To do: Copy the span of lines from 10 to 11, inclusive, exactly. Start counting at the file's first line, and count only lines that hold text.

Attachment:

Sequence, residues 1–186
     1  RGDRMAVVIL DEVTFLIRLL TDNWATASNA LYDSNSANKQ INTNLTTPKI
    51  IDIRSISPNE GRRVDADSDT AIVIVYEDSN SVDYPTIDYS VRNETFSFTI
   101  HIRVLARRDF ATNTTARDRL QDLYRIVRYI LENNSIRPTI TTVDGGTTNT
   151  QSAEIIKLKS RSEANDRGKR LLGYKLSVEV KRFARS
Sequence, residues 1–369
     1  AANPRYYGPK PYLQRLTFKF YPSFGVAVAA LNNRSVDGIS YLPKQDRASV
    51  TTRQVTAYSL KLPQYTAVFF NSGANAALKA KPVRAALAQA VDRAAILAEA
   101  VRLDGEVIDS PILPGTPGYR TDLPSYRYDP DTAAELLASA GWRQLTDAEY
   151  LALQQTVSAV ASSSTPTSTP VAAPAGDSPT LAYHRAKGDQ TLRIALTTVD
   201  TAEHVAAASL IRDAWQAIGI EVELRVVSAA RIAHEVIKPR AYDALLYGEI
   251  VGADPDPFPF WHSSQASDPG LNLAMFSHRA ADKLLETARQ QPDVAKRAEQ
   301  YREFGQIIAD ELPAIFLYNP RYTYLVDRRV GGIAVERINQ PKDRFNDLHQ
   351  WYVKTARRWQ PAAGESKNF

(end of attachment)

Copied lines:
   151  LALQQTVSAV ASSSTPTSTP VAAPAGDSPT LAYHRAKGDQ TLRIALTTVD
   201  TAEHVAAASL IRDAWQAIGI EVELRVVSAA RIAHEVIKPR AYDALLYGEI